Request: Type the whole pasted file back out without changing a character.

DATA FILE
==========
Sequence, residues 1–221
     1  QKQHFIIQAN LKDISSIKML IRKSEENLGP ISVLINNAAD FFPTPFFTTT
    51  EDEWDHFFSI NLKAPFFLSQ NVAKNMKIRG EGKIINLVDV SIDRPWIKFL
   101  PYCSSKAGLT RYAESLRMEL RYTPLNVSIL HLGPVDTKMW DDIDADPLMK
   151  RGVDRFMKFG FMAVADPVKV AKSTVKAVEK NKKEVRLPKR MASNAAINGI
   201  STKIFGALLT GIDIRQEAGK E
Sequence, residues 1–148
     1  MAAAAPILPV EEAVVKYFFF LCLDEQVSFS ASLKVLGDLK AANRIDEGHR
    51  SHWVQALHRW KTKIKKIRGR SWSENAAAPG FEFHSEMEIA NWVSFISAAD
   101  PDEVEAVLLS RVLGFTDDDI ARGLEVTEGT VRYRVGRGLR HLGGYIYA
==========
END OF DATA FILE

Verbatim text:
Sequence, residues 1–221
     1  QKQHFIIQAN LKDISSIKML IRKSEENLGP ISVLINNAAD FFPTPFFTTT
    51  EDEWDHFFSI NLKAPFFLSQ NVAKNMKIRG EGKIINLVDV SIDRPWIKFL
   101  PYCSSKAGLT RYAESLRMEL RYTPLNVSIL HLGPVDTKMW DDIDADPLMK
   151  RGVDRFMKFG FMAVADPVKV AKSTVKAVEK NKKEVRLPKR MASNAAINGI
   201  STKIFGALLT GIDIRQEAGK E
Sequence, residues 1–148
     1  MAAAAPILPV EEAVVKYFFF LCLDEQVSFS ASLKVLGDLK AANRIDEGHR
    51  SHWVQALHRW KTKIKKIRGR SWSENAAAPG FEFHSEMEIA NWVSFISAAD
   101  PDEVEAVLLS RVLGFTDDDI ARGLEVTEGT VRYRVGRGLR HLGGYIYA